Seggos v. Next Millennium Realty, LLC, 06-CV-1133 (SJF)(AYS)

CourtUnited States District Courts. 2nd Circuit. United States District Court (Eastern District of New York)
Writing for the CourtFEUERSTEIN, J.
PartiesSTATE OF NEW YORK and BASIL SEGGOS, as ACTING COMMISSIONER OF NEW YORK STATE DEPARTMENT OF ENVIRONMENTAL CONSERVATION, Plaintiffs, v. NEXT MILLENNIUM REALTY, LLC, et al., Defendants.
Decision Date09 February 2016
Docket Number06-CV-1133 (SJF)(AYS)

STATE OF NEW YORK and BASIL SEGGOS1,
as ACTING COMMISSIONER OF NEW YORK STATE DEPARTMENT
OF ENVIRONMENTAL CONSERVATION, Plaintiffs,
v.
NEXT MILLENNIUM REALTY, LLC, et al., Defendants.

06-CV-1133 (SJF)(AYS)

UNITED STATES DISTRICT COURT EASTERN DISTRICT OF NEW YORK

February 9, 2016


OPINION & ORDER

FEUERSTEIN, J.

Pending before the Court are, inter alia, (1) the motion of plaintiffs State of New York and Basil Seggos, as Acting Commissioner of the NYDEC (collectively, "the State"), pursuant to Rule 56 of the Federal Rules of Civil Procedure for partial summary judgment on their claims against defendants Next Millennium Realty LLC ("Next Millennium"); 101 Frost Street Associates, L.P. ("101 FSA"); and Alan Eidler, Lise Spiegel Wilks and Pamela Spiegel Sanders, as co-executors of the Last Will and Testament of Jerry Spiegel and duly authorized administrators of the Estate of Jerry Spiegel (collectively, "the Spiegel Defendants") seeking judgment declaring (a) that Next Millennium, 101 FSA and the Spiegel Defendants (collectively, "the Frost Street Defendants") are jointly and severally liable under Section 107(a) of the Comprehensive Environmental Response, Compensation and Liability Act ("CERCLA"), 42

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U.S.C. § 9607(a), for all response costs incurred and to be incurred by the State in responding to contamination at and emanating from the New Cassel Industrial Area ("NCIA") Site, and specifically into the off-site area designated as Operable Unit No. 3 by the NYDEC2; (b) that the State's response actions with respect to the NCIA are not inconsistent with the national contingency plan under Section 107 of CERCLA, 42 U.S.C. § 9607(a); (c) that the Frost Street Defendants are jointly and severally liable for further response costs incurred by the State in responding to contamination at and emanating from the NCIA Site under Section 113(g)(2) of CERCLA, 42 U.S.C. § 9613(g)(2); and (d) that the Frost Street Defendants are liable for damages for injury to, destruction of, or loss of natural resources, including the reasonable costs of assessing such damages, pursuant to Sections 107(a) and 113(g) of CERCLA, 42 U.S.C. §§ 9607(a) and 9613(g)(2), respectively ("the Natural Resource Damage Claim" or "the NRD Claim")3; and (2) the Frost Street Defendants' (a) cross motion pursuant to Rule 56 of the Federal Rules of Civil Procedure for summary judgment on their fifth affirmative defense for divisibility of harm, and (b) motion pursuant to Rule 56 of the Federal Rules of Civil Procedure for partial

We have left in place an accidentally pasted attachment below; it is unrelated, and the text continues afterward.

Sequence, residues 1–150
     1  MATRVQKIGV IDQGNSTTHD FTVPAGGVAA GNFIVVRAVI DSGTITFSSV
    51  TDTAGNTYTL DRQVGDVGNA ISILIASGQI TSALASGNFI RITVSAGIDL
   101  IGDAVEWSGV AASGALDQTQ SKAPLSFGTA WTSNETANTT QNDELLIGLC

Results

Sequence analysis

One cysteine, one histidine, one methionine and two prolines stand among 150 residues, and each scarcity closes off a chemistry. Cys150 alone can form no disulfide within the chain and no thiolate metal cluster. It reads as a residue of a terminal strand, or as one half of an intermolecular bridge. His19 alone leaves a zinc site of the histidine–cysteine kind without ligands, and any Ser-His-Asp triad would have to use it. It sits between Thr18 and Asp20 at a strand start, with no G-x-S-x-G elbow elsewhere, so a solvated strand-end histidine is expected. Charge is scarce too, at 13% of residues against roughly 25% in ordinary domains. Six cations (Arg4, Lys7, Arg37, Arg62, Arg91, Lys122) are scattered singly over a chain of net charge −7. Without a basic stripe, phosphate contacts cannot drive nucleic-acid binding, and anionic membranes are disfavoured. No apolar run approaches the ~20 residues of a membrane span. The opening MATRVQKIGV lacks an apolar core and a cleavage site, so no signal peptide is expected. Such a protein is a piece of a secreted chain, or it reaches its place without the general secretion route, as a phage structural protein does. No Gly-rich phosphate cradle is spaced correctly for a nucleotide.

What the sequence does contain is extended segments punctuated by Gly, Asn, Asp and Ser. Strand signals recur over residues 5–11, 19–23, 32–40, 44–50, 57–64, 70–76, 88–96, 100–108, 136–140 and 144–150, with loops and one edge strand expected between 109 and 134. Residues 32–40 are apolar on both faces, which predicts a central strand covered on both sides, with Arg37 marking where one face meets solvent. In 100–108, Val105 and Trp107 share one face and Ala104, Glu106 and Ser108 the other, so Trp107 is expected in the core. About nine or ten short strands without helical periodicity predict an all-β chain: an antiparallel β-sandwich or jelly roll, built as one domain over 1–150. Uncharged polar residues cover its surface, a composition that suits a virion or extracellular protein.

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summary judgment dismissing the State's NRD Claim. For the reasons set forth below, the State's motion is granted in part and denied in part and the Frost Street Defendants' cross motion and motion are denied.

I. Factual Background4

The NCIA encompasses approximately one hundred seventy (170) acres of land in the Town of North Hempstead in the County of Nassau; is comprised of numerous industrial facilities; and is bounded by the Long Island Railroad to the north, Frost Street to the east, Old Country Road to the south and Grand Boulevard to the southwest. (State's Statement of Material Facts Pursuant to Local Rule 56.1 ["State 56.1"], ¶ 1; Frost Street Defendants' Counter-Statement of Material Facts Pursuant to Local Rule 56.1 and Statement of Additional Undisputed Facts ["FSD Counter."], ¶ 1). The NCIA was first recognized as an area with widespread groundwater contamination during a county-wide groundwater investigation conducted by the Nassau County Department of Health ("NCDH") in 1986. (FSD Counter., ¶ 3). Past industrial activities conducted within the NCIA resulted in extensive volatile organic compound ("VOC") contamination of groundwater in the vicinity of the NCIA Site. (Id., ¶ 2). Specifically, disposal activities at industrial facilities within the NCIA resulted in the disposal of hazardous wastes, including the VOCs tretrachloroethylene ("PCE"), trichloroethylene ("TCE") and 1,1,1-trichloroethane ("1,1,1-TCA"), which are hazardous substances under CERCLA. (Id., ¶¶ 5, 8).

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It is undisputed that releases of hazardous waste from facilities within the NCIA Site migrated from the facilities to surrounding areas, including State OU-3/EPA OU-1. (FSD Counter., ¶ 6). Although the State contends that the surrounding area also includes the Bowling Green Water District well field, (State 56.1, ¶ 6), the Frost Street Defendants "dispute[] that any hazardous waste originating from the Frost Street Sites or the eastern Plume have migrated into the Bowling Green Water District Well." (FSD Counter., ¶ 6).